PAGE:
Corporate Banner
Satellite Banner
Stem Cells, Cellular Therapy & Biobanking
>
Scientific Community
 
Become a Member | Sign in
Home>News>This Article
  News
Return

Scientists Transplant Photoreceptors from Retina Grown ‘In a Dish’

Published: Tuesday, July 23, 2013
Last Updated: Tuesday, July 23, 2013
Bookmark and Share
Study suggests that embryonic stem cells provide unlimited supply of healthy photoreceptors to treat blindness in humans.

UCL scientists have carried out the first successful transplant of light-sensitive photoreceptor cells extracted from a synthetic retina, grown ‘in a dish’ from embryonic stem cells.

When transplanted into night-blind mice these cells appeared to develop normally, integrating into the existing retina and forming the nerve connections needed to transmit visual information to the brain.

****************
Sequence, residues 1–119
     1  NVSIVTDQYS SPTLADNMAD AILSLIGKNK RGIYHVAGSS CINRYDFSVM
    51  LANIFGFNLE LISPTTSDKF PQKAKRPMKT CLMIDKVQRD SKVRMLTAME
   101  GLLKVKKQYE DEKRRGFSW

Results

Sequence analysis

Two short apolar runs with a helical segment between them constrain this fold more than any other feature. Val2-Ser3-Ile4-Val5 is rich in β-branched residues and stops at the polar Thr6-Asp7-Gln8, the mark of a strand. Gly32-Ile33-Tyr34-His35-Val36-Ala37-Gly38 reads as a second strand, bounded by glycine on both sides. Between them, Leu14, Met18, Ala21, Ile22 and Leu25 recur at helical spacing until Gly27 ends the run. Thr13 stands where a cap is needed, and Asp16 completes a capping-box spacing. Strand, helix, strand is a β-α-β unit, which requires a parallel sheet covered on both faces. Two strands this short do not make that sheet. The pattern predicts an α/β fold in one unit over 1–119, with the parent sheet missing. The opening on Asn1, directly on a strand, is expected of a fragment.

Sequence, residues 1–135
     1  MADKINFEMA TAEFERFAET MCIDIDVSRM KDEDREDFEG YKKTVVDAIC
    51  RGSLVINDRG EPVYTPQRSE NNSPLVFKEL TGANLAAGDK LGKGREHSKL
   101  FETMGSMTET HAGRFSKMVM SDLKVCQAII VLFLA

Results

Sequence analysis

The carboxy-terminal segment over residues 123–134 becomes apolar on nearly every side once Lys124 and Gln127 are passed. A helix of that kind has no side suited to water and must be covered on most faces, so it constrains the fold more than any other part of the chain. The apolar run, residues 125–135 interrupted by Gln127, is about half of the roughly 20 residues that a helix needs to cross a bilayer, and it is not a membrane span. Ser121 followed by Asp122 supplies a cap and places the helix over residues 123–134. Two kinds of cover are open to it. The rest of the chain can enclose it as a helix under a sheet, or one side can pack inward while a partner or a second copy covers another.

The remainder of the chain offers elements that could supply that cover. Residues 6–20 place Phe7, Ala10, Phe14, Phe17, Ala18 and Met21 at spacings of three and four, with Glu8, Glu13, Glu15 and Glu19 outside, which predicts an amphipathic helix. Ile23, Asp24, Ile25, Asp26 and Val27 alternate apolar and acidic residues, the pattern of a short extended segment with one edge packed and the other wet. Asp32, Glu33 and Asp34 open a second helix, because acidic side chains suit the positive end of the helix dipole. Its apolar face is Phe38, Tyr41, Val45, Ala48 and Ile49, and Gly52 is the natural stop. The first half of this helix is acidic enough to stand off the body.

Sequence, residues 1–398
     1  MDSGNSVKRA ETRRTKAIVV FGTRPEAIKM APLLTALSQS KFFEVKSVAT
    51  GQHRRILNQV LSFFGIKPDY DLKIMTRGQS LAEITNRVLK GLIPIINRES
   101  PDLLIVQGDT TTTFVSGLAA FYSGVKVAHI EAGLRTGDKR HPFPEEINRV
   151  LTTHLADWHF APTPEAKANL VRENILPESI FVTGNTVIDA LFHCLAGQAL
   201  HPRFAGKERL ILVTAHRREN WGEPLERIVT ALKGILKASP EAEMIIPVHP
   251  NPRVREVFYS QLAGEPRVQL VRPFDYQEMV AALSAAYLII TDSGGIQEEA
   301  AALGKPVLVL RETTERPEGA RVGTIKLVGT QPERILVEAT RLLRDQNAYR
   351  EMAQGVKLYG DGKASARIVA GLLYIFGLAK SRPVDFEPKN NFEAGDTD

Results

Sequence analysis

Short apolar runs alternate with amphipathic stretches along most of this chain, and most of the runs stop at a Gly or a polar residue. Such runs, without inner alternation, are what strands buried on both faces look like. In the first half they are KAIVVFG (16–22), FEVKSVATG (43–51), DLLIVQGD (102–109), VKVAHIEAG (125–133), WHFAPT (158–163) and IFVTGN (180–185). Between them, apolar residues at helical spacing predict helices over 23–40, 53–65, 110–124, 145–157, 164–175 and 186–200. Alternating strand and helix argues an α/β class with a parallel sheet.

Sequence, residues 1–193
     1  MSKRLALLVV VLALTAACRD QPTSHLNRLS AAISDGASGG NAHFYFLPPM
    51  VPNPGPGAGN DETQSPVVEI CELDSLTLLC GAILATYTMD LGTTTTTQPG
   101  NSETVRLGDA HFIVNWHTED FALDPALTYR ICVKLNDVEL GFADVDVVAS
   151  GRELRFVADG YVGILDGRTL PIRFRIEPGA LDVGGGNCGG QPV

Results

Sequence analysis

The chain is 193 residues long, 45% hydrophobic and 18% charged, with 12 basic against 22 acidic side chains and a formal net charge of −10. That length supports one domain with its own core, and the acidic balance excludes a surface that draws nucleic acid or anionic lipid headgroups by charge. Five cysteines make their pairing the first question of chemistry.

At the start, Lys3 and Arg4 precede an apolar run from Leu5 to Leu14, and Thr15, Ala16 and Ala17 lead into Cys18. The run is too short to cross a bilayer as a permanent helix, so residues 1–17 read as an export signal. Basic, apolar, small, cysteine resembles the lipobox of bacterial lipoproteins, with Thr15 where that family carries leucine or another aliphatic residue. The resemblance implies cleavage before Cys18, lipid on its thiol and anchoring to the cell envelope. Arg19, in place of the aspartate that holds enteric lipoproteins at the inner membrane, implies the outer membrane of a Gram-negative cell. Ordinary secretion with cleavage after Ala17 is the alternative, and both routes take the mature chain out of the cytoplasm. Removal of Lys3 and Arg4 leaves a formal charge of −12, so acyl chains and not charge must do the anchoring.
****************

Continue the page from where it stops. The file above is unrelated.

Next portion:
The study, funded by the Medical Research Council (MRC) and published in Nature Biotechnology, suggests that embryonic stem cells could in future provide a potentially unlimited supply of healthy photoreceptors for retinal cell transplantations to treat blindness in humans.

The loss of photoreceptors - light sensitive nerve cells that line the back of the eye - is a leading cause of sight loss in degenerative eye diseases such as age-related macular degeneration, retinitis pigmentosa and diabetes-related blindness.

There are two types of photoreceptor in the eye - rods and cones. Rod cells are especially important for seeing in the dark as they are extremely sensitive to even low levels of light.